While technically the eighth Muppet movie—or, as the first song smartly explains, the seventh sequel—new release Muppets Most Wanted
probably won't be judged against the grosses of Muppet Treasure Island
. For better or worse, the overwhelming success of 2011's The Muppets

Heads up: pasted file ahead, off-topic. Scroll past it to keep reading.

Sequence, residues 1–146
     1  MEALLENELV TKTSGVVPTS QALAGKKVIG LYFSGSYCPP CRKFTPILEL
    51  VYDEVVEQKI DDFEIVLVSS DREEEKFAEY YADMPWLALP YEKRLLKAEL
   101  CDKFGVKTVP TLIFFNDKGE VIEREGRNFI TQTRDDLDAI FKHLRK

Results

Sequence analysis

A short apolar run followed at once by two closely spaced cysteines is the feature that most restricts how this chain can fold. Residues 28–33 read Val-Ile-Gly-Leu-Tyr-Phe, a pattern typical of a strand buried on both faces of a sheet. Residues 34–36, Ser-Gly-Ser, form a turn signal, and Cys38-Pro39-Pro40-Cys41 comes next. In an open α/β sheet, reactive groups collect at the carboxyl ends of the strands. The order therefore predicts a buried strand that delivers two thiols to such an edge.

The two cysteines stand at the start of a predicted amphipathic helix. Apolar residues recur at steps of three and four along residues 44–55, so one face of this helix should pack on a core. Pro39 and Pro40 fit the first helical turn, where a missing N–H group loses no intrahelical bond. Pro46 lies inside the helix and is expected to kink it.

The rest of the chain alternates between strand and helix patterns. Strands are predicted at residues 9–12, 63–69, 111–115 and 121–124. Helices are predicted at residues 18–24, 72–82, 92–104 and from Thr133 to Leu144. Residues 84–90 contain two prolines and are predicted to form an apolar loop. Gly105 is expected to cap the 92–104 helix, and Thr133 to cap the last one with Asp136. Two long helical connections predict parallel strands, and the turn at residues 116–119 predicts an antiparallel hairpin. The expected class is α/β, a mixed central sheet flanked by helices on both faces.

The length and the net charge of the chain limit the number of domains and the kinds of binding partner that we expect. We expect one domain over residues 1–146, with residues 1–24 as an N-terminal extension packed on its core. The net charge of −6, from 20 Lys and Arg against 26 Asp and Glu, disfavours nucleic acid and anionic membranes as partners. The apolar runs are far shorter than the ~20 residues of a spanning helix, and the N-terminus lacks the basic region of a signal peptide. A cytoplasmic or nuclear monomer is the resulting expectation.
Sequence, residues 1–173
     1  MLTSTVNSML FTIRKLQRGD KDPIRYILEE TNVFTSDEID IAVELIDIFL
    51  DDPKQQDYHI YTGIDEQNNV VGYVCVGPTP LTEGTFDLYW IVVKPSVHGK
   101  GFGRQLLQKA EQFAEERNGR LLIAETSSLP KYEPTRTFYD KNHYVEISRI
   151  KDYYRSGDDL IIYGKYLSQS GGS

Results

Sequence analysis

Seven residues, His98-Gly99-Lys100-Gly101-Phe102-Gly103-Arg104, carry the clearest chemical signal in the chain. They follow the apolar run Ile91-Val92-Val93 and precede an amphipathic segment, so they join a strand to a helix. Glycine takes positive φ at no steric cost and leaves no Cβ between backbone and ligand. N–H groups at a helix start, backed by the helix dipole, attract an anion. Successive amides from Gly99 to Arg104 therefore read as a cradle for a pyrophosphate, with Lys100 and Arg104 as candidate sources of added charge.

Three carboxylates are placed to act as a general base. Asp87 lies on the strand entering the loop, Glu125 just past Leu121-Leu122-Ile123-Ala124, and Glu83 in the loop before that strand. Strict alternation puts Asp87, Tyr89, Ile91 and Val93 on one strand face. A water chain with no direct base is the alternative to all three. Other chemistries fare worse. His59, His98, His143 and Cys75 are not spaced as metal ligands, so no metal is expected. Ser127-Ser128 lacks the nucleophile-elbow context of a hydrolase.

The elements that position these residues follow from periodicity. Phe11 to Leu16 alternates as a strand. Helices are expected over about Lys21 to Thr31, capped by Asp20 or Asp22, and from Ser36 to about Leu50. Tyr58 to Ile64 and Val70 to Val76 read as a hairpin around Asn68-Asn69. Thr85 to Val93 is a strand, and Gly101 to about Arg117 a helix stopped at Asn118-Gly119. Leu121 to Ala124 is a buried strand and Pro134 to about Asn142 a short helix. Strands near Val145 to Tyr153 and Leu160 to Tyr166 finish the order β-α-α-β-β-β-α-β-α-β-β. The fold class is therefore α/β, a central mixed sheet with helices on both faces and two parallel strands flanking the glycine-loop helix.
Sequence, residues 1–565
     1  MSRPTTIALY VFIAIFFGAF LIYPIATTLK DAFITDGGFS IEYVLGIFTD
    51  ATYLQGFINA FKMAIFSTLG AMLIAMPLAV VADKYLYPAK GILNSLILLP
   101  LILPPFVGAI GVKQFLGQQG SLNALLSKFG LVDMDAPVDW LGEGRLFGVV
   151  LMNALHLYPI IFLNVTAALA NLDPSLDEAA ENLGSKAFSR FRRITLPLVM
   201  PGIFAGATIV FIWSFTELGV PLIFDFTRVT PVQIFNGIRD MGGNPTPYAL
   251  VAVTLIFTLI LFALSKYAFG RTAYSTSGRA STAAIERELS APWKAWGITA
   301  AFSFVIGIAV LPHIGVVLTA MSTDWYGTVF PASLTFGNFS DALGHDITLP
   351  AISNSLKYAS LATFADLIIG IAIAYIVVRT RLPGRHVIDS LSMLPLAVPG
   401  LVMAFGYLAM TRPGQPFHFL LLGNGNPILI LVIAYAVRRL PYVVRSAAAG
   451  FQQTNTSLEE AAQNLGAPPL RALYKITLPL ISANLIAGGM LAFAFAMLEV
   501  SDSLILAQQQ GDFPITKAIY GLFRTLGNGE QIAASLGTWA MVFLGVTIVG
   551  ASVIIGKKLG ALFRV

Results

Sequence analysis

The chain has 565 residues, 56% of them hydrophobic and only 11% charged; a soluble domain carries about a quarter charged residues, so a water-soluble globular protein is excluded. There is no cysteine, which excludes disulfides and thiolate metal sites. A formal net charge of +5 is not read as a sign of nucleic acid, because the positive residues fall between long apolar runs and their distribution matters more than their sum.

provided Disney a reboot blueprint: Stay with what works and remember who we're here to see. So, of course, Kermit is replaced by a Russian doppelgänger, we visit the grand concert halls of Europe, and Tina Fey and Ricky Gervais are given extended solo dance routines. While awful choices abound, the Muppets reflexively generate so much unsinkable goodwill that even the laziest of plots still charms—and might even be welcome, given the ’70s-meets-art deco visual aesthetic and escalating cameo bombs. Whatever the failings of the human leads, every gulag needs Ray Liotta, Danny Trejo and Josh Groban. Every wedding needs "the" Usher. Every Miss Piggy-Celine Dion duet needs an Academy Award. Fey and Gervais are not, however, singers, and neither are they actors in any traditional sense. Rather than embodying a role, they organize their most relevant tics, telegraph their amateur efforts to the audience and presumably depend upon natural presence and timing to carry a scene, which tends to fail disastrously when the co-star cannot wink. It actually is easy being green-screened. Comedy with puppets is hard.